I would like to take this opportunity to thank my fellow members of the Texas Press Association for allowing me to serve as your 2021 president. It is a great honor, and I am very appreciative for the opportunity to serve you and the state press association.
Normally I would be nervously saying this from the podium while standing on the stage at the annual TPA convention. But these aren’t normal times are they?
So, things being as they are, I would like to take a minute of your time and reach out and say thank you to a few people who have been instrumental in getting me here today.
It goes without saying that my lovely bride Suzanne is the key to any success I may have achieved, so bless her heart and thank you.
I would be remiss if I didn’t thank Randy Keck for nominating me to go through the chairs. There are so many good people in the TPA, and I feel fortunate Randy reached into his magician’s hat and pulled out my name. And I want to thank Phil Major for being a true friend and always being there for me, no matter what and no matter whose feathers I might have ruffled over two decades of being a fly in the TPA ointment. And thank you to Mike Hodges for guiding this association. I was on the TPA board when we hired Mike, and I was privileged to be the one who escorted him into the conference room where we surprised him with the announcement that he was Lyndell Williams’ successor. Mike was the right guy at the right time. Thank you, Mike.
I also want to thank the late Bob Hamilton, past president, for being the first person at TPA to reach out to me the first time I showed up at a convention. He welcomed me into the family, and I learned a lot about the newspaper business from Bob by simply shutting up and listening.
I wish to reach out to a few others who are now gone and on whose shoulders I stand – Willis Webb for his compassion and -common-sense approach to community journalism; Robert Burns, who was a friend on and off the golf course and was a great sounding board for me and many others at TPA for more than 20 years; and Jim Moore, my old boss at the Commerce Journal, who literally shredded the sports story I turned in after covering my first Friday night football game. He told me I had just 10 minutes to redo it and do it right or I was fired. Fortunately, I met that deadline — with an old manual typewriter — and I learned a lot that night.
I mention all these people because they, and you, are what makes the Texas Press Association so special.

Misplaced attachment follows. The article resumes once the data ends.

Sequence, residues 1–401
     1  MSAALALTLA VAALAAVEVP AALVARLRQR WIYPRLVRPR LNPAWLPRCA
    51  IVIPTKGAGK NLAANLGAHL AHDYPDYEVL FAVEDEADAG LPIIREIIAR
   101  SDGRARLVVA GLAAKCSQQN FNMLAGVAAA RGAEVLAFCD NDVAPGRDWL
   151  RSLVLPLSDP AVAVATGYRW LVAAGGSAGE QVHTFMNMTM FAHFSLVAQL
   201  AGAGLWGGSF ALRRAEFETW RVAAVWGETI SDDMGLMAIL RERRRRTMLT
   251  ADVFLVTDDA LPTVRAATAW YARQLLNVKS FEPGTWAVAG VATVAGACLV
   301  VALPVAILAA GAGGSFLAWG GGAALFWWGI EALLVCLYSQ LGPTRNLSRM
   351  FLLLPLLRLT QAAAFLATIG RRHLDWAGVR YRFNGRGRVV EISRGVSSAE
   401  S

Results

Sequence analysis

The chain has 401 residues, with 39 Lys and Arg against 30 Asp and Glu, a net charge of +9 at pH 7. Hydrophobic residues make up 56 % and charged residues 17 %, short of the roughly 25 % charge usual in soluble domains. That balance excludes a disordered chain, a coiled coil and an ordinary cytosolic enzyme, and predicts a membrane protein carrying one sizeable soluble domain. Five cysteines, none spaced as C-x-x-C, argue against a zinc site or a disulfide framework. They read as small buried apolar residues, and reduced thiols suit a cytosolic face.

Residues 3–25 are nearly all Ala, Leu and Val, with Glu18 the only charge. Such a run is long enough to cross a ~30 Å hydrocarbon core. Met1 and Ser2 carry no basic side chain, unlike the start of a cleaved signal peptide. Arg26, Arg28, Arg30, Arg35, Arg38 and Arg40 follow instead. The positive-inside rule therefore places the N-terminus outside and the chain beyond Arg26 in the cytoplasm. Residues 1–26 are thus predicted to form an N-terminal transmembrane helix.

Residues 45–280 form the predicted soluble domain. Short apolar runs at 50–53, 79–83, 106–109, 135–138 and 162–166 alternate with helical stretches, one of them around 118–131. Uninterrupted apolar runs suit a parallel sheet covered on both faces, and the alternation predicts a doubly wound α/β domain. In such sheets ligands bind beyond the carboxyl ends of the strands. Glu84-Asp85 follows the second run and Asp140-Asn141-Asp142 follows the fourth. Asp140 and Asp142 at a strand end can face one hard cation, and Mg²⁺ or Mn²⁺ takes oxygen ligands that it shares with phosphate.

The Texas Press Association is made up of hundreds of independent thinkers – most with Type A personalities which can make for some spirited discussions – all working hard to educate, to inform and to guide our readers so they can make good decisions that will hopefully make all of our lives and America better. Something that is needed now more than ever.
If I have learned anything during my time associated with TPA it is that our members are always willing to help when asked. I can’t tell you how many times I have called Phil Major or Bill Woodall or Rollie Hyde or others and asked what they would do if faced by this or that. And every time I gained valuable information which I used to fix my problem.
I say all this to drive home the fact that each of you are a valuable asset for the TPA. And you earned the position you have today by hard work and a lot of hard knocks – all of which gives you great insight into the problems facing your town, county, state and country.
When Donnis Baggett emails or calls and asks publishers to call their state senators and representatives to help defeat or pass pending legislation, we do it. There is no hesitation. We know it’s our job. And in most cases, we make a difference because our legislators know we aren’t speaking just for ourselves. We are speaking for the people of Texas.
And we have a voice that can’t be silenced, thanks to our Founding Fathers, even though some have tried to muzzle the press. You know you are doing something important when you work in the only privately owned business specifically protected in the United States Constitution.
And yes, we really do buy our paper by the ton and ink by the barrel, which is pretty impressive when you stop and think about it. In today’s world, we need to use those tools more and more.
Former Washington Post President and Publisher Philip Graham was right — newspapers really are the first draft of history, and each of you in the TPA are the editors of that history.
That is a heavy burden to carry, but each of you has the skills and courage to get the job done. Plus, you have all the resources of the Texas Press Association and its members to do that job.
I look forward to the TPA moving forward in 2021, with 2020 growing smaller and smaller in our rear view mirror.